Scalp Psoriasis - Symptoms and Treatment
Scalp psoriasis is a chronic recurrent inflammatory type of dermatosis. One of its characteristics is the presence of delimited erythematous plaques with white flaking. The scaly skin is usually in the flexor areas of the limbs and on the scalp.
It’s a disease of great clinical variability and for this reason, it depends on various factors.
Causes of scalp psoriasis – genetic and immune factors
Some studies demonstrate the prevalence of psoriasis in the relatives of those affected by it. However, the development of cellular immunology indicates the involvement of leukocytes in the pathogenesis of the disease.
There are several factors related to the onset of an outbreak, particularly in genetically predisposed people. These factors include:
- Emotional stress
- Low ambient humidity
- Certain drugs/pharmaceuticals
- Smoking and weight
Also, any type of skin irritation can cause the appearance of psoriatic lesions. Likewise, stimulation such as scratching or pressure on clothing can cause or aggravate existing injuries.
Among the ones that can trigger or aggravate psoriasis are lithium salts, beta-blockers, antimalarials, and the abrupt suspension of corticosteroid treatments.
You may also be interested in: Five Herbal Topical Psoriasis Treatments
Obesity and smoking
Overweight is another important factor to consider. In fact, the relationship between psoriasis and weight is bidirectional as excess weight predisposes to psoriasis and psoriasis promotes obesity. In addition, chronic smoking disrupts many inflammatory processes, including the immune response.
There’s a relationship between group A beta-hemolytic streptococcal infection and a first psoriasis outbreak. Especially when the outbreak appears in the oropharynx.
Symptoms of scalp psoriasis
This condition has a wide range of symptoms. There’s much variability among people who suffer from it, even in the same person.
Its appearance can manifest from papules to scaly patches. However, they generally don’t lead to hair loss. They most frequently appear in the occipital region and the forehead.
Itchiness is not a characteristic symptom. However, picking on the patches can lead to bleeding. The diagnosis of scalp psoriasis is based on the presence of erythematous plaques with scales.
Dermatologists use morphological criteria to assess the severity of psoriasis. Specifically, the psoriasis area and severity index. The latter allows them to measure the extent of the lesions, the degree of erythema, and scales.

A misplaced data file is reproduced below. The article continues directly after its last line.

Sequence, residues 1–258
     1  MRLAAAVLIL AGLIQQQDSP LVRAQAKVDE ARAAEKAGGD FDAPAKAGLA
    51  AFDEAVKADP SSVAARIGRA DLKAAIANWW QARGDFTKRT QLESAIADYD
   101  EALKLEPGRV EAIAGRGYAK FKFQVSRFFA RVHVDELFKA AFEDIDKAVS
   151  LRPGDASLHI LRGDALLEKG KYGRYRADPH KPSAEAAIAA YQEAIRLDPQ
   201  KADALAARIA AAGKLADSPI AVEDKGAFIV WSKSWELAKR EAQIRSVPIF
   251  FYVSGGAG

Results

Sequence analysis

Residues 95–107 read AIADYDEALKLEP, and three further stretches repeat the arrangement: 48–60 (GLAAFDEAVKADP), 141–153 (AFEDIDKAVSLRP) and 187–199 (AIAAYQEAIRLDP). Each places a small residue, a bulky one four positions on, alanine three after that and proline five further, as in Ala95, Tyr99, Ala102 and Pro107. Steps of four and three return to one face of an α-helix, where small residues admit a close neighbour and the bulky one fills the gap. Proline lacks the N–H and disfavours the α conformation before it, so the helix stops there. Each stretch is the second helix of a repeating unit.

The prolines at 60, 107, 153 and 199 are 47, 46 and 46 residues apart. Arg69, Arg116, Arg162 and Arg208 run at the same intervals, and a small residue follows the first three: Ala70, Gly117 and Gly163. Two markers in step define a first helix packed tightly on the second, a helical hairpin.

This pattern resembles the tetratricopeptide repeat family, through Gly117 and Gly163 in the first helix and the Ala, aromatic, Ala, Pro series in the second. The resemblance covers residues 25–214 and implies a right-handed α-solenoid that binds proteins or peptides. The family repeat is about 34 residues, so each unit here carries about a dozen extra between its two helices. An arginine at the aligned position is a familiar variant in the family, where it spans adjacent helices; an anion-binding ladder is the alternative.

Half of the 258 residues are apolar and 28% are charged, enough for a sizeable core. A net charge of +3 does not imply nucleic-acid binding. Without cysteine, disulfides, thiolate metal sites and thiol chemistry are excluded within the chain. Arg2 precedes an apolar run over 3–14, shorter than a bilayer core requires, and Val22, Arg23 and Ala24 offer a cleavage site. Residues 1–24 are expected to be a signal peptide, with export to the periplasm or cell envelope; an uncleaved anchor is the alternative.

Also read: Five Ways to Keep Psoriasis at Bay
Treatment for scalp psoriasis
Scalp psoriasis is a chronic disease though, so the goal of treatment is mainly to control its intensity. However, scaling in this area is frequent and also hard to treat.
Firstly, let’s say that topical treatment is the basic pillar of treatment for this condition. In addition, the classic treatments include:
- Emollients used in combination with pharmacological treatment. In addition, they help maintain hydration and the good condition of the corneal layer of the skin. 20% urea, petrolatum, and glycerin are part of this group.
- Also, keratolytics are used for eliminating rough skin patches and they also promote the absorption of other topical products. For instance, salicylic acid is often present in the composition of shampoos and hair oils. Other keratolytics used in them are 10-30% urea, salicylic, lactic and glycolic acids, sulfur, and Keluamide.
- In addition, coal pitch reduces the thickness of the epidermis. It’s often prescribed for children and for those people who have stable plates. However, it can lead to further irritation even though it isn’t necessarily toxic.
- Finally, topical corticosteroids are the first choice of treatment in mild cases. This is because they have anti-inflammatory and immunosuppressive action.
Systemic treatment of psoriasis on the scalp
Dermatologists reserve these for cases where topical treatment fails to make a difference and the prescribed drugs include:
- Methotrexate, a drug for moderate and severe forms of psoriasis
Cyclosporine, an immunosuppressant that inhibits the production of T-dependent antibodies
- Acitretin, a derivative of vitamin A that has an inhibitory effect on psoriasis, even on keratolytic disorders
All cited sources were thoroughly reviewed by our team to ensure their quality, reliability, currency, and validity. The bibliography of this article was considered reliable and of academic or scientific accuracy.
Sola-Ortigosa, J., Sánchez-Regaña, M., & Umbert-Millet, P. (2009). Psoriasis del cuero cabelludo. Actas Dermo-Sifiliográficas. https://doi.org/10.1016/s0001-7310(09)71901-5
Serrano Grau, P., & Mascaró Galy, J. M. (2006). Metotrexato: Actualización en el tratamiento de la psoriasis. Piel. https://doi.org/10.1016/S0213-9251(06)72510-2
Puig, L., Ribera, M., Hernanz, J. M., Belinchón, I., Santos-Juanes, J., Linares, M., … Caballé, G. (2010). Tratamiento de la psoriasis del cuero cabelludo. Revisión de la evidencia y Consenso Delphi del Grupo de Psoriasis de la Academia Española de Dermatología y Venereología. Actas Dermo-Sifiliográficas. https://doi.org/10.1016/j.ad.2010.09.001